Dara Horn (born 1977) is an American novelist, essayist, and professor of literature.

Dara Horn
Darahorn 2005 (cropped).jpg
Born1977 (age 44–45)
New Jersey, US
OccupationAuthor, professor
LanguageEnglish, Hebrew, Yiddish
Alma materHarvard University, Cambridge University

 Literature portal

Early life and educationEdit

Horn was born in New Jersey in 1977, grew up in Short Hills, New Jersey, and attended Millburn High School. Her mother, Susan, was an English teacher with a doctorate. Horn's father, Matthew, is a dentist who learned Chinese history at Temple University in Philadelphia. When Horn was 14 she won a trip to Poland and Israel when she finished first in a competition about Israeli history. Upon her return to the US, she wrote an essay about her trip for Hadassah Magazine that was nominated for a National Magazine Award in 1993.[1]

She received her BA in comparative literature, summa cum laude, in 1999 and her Ph.D. in comparative literature in Hebrew and Yiddish in 2006, both from Harvard University.[2] She finished her master's degree in Hebrew literature at Cambridge University.[3]


She taught classes in Jewish literature and Israeli history at Sarah Lawrence College and the City University of New York. She held the Weinstock visiting professorship in Jewish Studies at Harvard,[4] teaching Yiddish and Hebrew literature. Horn served as a Distinguished Visiting Scholar at Yeshiva University during the 2019–2020 academic year. She has also been a contributor to the New York Times and The Atlantic.[5]


Horn's first novel, In the Image, published by W. W. Norton when she was 25, received a 2003 National Jewish Book Award,[6] the 2002 Edward Lewis Wallant Award,[3] and the 2003 Reform Judaism Fiction Prize.[7]

Her second novel, The World to Come, also published by W. W. Norton in January 2006, received the 2006 National Jewish Book Award for Fiction,[6] the 2007 Harold U. Ribalow Prize,[8] was selected as an Editors' Choice in The New York Times Book Review and as one of the Best Books of 2006 by the San Francisco Chronicle,[9] and has been translated into eleven languages.

Horn's third novel, All Other Nights, published in April 2009 by W. W. Norton, was selected as an Editors' Choice in the New York Times Book Review.[10]

Her fourth novel, A Guide for the Perplexed, was published in September 2013.[11]

Horn's fifth novel, Eternal Life, was published in January 2018 by W. W. Norton.[4] It was selected as one of The New York Times' 100 Notable Books of 2018.[12]

Horn released her first nonfiction book, People Love Dead Jews, in 2021. It is a collection of essays about antisemitism. The book was a finalist for the 2021 Kirkus Prize in nonfiction.[13] The title comes from the first chapter, "People love dead Jews. Living Jews, not so much."

Personal lifeEdit

She lives with her husband, daughter, and three sons in Short Hills. Horn has one brother and two sisters.[1]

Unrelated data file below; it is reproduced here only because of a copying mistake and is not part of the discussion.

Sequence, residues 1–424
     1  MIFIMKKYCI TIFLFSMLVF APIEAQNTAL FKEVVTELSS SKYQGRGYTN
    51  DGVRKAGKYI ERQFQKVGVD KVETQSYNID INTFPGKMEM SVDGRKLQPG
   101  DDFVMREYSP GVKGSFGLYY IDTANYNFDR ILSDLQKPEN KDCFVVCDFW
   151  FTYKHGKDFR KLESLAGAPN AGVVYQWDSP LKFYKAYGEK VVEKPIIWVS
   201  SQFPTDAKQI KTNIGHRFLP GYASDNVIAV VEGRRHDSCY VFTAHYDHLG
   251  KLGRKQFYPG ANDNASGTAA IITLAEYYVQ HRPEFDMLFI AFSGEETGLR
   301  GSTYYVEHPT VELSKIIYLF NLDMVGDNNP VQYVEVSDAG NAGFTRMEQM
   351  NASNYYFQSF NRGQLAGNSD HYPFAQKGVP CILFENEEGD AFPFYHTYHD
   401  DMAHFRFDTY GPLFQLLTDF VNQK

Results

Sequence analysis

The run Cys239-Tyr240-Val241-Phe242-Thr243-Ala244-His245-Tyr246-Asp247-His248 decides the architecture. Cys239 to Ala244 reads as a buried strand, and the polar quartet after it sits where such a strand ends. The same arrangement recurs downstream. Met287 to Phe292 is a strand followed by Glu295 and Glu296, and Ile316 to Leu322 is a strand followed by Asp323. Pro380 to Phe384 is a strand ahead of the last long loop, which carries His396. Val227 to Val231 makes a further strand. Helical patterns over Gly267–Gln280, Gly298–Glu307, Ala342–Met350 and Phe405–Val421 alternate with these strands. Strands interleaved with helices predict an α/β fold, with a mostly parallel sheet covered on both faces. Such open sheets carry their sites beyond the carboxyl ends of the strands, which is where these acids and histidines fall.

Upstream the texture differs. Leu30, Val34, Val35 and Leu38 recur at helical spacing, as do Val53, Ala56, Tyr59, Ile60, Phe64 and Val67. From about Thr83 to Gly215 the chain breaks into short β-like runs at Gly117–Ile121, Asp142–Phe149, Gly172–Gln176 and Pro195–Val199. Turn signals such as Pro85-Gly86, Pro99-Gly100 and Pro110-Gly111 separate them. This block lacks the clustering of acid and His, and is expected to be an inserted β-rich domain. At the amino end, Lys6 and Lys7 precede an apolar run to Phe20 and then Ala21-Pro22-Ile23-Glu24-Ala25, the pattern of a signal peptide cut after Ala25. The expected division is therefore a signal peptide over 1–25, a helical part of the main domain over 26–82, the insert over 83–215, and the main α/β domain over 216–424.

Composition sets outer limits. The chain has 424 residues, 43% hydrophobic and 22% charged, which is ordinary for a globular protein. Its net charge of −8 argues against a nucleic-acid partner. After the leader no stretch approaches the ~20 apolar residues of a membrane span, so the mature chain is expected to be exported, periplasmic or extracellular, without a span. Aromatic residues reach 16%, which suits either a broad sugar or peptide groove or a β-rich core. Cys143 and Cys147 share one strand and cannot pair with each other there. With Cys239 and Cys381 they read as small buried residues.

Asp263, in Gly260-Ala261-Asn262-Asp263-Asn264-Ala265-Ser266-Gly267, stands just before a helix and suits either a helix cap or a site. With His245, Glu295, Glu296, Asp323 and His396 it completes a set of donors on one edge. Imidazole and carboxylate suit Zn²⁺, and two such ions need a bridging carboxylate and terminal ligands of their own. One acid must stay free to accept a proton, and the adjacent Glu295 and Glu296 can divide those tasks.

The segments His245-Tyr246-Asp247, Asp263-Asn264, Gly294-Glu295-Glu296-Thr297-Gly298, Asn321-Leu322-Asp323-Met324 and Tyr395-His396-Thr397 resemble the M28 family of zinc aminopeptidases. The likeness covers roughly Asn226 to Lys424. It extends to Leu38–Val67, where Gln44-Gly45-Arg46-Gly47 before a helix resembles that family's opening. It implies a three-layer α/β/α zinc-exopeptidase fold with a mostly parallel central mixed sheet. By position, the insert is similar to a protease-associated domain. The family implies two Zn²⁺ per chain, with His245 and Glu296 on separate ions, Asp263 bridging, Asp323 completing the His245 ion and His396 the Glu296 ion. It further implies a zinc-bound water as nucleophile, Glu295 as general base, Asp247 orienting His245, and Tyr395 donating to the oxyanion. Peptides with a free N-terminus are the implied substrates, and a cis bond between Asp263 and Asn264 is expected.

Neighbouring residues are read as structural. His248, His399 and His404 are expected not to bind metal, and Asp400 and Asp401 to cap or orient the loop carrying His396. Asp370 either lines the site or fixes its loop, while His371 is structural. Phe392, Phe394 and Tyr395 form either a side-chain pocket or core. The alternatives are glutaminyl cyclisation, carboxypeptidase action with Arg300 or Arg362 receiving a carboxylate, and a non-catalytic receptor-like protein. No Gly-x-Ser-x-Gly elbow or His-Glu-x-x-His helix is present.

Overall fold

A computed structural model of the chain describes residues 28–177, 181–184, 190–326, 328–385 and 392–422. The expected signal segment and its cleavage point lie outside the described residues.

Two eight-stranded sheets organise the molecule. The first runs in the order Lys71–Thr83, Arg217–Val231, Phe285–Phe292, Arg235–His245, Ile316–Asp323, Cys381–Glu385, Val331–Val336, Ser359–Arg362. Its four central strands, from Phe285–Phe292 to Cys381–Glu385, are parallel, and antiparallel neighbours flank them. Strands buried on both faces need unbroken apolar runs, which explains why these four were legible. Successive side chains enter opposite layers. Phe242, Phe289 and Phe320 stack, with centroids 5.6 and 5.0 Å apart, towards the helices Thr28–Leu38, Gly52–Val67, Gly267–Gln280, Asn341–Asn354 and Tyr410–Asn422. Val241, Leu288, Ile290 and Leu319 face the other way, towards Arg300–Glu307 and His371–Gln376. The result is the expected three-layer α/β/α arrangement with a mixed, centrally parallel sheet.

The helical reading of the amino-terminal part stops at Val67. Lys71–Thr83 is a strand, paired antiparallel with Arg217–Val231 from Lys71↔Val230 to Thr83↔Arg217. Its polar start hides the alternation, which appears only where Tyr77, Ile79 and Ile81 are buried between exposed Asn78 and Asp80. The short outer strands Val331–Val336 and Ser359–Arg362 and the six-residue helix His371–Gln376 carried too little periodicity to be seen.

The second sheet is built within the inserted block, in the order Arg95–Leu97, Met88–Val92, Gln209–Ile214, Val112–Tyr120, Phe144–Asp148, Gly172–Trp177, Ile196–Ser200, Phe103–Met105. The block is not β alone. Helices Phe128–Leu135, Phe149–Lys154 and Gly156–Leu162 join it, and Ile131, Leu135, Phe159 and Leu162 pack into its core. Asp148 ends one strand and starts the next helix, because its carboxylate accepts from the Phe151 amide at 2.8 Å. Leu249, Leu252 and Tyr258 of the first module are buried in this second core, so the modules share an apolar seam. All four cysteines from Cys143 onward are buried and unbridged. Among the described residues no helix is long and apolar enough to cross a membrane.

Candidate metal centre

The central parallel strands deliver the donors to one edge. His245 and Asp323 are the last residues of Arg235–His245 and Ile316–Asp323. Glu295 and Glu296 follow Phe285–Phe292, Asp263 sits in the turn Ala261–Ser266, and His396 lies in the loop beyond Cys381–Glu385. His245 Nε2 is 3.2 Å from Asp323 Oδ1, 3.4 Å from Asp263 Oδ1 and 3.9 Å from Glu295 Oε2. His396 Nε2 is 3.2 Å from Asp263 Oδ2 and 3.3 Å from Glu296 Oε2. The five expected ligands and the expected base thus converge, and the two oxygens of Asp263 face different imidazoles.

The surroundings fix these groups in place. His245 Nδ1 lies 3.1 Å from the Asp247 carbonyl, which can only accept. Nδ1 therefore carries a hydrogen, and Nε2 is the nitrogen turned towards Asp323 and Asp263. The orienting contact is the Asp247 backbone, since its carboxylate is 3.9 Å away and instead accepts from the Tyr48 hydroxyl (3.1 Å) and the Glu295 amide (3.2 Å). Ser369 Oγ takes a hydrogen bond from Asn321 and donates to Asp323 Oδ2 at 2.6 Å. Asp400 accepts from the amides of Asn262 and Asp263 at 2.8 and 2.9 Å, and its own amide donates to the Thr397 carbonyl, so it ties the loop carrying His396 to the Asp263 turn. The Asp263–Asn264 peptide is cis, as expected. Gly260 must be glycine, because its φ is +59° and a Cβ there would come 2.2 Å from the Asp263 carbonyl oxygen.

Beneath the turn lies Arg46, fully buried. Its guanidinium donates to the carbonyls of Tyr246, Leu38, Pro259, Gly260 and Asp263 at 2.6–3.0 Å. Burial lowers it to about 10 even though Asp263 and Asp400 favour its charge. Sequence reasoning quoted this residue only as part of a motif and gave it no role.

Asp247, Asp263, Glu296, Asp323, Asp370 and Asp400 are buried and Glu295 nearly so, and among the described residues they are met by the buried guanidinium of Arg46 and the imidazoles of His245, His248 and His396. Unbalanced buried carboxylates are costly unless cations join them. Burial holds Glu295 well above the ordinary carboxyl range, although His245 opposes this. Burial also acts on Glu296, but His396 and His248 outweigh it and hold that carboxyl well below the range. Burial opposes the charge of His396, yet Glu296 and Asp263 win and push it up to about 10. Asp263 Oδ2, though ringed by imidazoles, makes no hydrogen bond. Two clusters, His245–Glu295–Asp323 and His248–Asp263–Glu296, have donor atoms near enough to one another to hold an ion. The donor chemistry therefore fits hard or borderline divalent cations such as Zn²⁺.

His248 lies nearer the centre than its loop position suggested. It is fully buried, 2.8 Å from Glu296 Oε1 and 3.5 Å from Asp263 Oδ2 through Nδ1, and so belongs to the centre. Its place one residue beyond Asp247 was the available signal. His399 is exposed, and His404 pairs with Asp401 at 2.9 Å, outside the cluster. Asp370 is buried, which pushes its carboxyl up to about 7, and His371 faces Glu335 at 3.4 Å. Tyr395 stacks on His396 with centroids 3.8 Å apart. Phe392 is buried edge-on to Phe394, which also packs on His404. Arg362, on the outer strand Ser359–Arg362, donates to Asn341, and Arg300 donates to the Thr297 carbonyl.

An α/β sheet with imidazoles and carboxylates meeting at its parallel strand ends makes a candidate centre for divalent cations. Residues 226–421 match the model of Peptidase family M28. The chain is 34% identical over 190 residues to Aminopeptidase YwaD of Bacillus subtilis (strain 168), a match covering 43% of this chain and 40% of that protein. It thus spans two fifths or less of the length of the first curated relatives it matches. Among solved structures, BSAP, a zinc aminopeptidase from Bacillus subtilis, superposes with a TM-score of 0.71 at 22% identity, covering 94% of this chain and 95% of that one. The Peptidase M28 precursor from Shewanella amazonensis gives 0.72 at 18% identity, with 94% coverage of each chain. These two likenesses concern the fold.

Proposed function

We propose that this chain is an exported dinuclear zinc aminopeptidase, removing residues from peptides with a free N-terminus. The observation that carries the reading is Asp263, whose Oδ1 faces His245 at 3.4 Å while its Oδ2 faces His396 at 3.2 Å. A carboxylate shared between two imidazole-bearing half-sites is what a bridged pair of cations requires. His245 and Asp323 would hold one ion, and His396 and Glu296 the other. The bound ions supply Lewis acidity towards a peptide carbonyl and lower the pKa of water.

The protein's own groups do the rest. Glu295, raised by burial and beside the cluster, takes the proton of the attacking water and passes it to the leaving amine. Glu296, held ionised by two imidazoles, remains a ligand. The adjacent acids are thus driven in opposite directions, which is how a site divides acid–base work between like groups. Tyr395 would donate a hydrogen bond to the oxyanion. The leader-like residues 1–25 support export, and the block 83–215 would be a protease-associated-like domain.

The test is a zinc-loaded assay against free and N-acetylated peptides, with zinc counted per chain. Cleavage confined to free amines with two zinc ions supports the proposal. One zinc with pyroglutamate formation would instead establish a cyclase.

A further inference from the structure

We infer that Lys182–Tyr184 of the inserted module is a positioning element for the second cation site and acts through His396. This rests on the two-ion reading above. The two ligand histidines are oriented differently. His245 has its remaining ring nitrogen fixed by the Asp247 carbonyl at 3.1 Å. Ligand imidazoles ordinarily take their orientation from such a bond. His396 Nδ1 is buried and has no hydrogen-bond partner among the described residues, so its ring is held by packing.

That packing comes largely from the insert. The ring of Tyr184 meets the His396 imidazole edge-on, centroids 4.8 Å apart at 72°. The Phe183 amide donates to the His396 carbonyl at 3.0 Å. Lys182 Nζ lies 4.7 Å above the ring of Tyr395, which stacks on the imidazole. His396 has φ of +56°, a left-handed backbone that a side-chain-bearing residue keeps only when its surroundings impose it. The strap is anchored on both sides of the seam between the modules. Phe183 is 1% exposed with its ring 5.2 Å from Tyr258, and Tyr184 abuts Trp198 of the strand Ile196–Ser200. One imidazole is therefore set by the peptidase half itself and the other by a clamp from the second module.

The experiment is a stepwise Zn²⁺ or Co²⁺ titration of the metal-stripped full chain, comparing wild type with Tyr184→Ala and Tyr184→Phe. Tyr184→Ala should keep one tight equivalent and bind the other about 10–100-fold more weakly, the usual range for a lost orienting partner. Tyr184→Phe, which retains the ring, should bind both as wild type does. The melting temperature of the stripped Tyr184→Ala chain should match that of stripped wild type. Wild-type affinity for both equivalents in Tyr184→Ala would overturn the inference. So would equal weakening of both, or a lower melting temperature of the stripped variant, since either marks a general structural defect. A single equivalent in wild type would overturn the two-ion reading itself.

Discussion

• Horn, Dara (2002). In the Image. New York: W. W. Norton. ISBN 0-393-05106-4.
  • Horn, Dara (2006). The World to Come. New York: W. W. Norton. ISBN 0-393-05107-2.
  • Horn, Dara (2009). All Other Nights. New York: W. W. Norton. ISBN 0-393-06492-1.
  • Horn, Dara (2013). A Guide for the Perplexed. New York: W. W. Norton. ISBN 978-0-393-06489-6.
  • Horn, Dara (2018). Eternal Life. New York: W. W. Norton. ISBN 978-0-393-60853-3.
  • Horn, Dara (2021). People Love Dead Jews. New York: W. W. Norton. ISBN 978-0-393-53157-2.



  1. ^ a b "Horn of Plenty: Short Hills Writer Dara Horn Explores Jewish Culture". New Jersey Monthly. 2013-08-14. Retrieved 2020-03-01.
  2. ^ Bolotnikova, Marina N. (2017-12-08). "A Novel Take on Eternal Life". Harvard Magazine. Retrieved 2020-03-01.
  3. ^ a b Pinsker, Sanford (March 21, 2003). "Wallant Worthies Are Instantly Recognizable". The Forward. Retrieved 2020-03-01.
  4. ^ a b Bolotnikova, Marina N. (2017-12-08). "A Novel Take on Eternal Life". Harvard Magazine. Retrieved 2020-01-31.
  5. ^ "Acclaimed Author Dr. Dara Horn Comes to Straus Center – Yeshiva University News". Retrieved 2020-03-01.
  6. ^ a b "Past Winners - Fiction". Jewish Book Council. Archived from the original on 2020-05-23. Retrieved 2020-01-20.
  7. ^ "Dara Horn". The Tikvah Fund. Retrieved 2020-03-01.
  8. ^ "A Smart, Braided Narrative: Dara Horn's A GUIDE FOR THE PERPLEXED". Fig Tree Books. Retrieved 2020-03-01.
  9. ^ "Dara Horn's The World to Come wins Ribalow Prize". Jewish Telegraphic Agency. 2007-10-26. Retrieved 2020-03-01.
  10. ^ "Editors' Choice". The New York Times. 2009-06-26. ISSN 0362-4331. Retrieved 2020-03-01.
  11. ^ Attenberg, Jami (2013-09-27). "All That We Hold Dear". The New York Times. ISSN 0362-4331. Retrieved 2020-03-01.
  12. ^ "100 Notable Books of 2018". The New York Times. 2018-11-19. ISSN 0362-4331. Retrieved 2020-01-31.
  13. ^ Ghert-Zand, Renee (September 17, 2021). "'People Love Dead Jews'". Times of Israel. Retrieved September 20, 2021.
  14. ^ "Dara Horn: The Theological Art of Storytelling – Global Day of Jewish Learning". www.theglobalday.org. Retrieved 2020-03-01.
  15. ^ Harold U. Ribalow Prize. A Listmania! list by N. Roller "Hillel Librarian" (Santa Barbara, California)

External linksEdit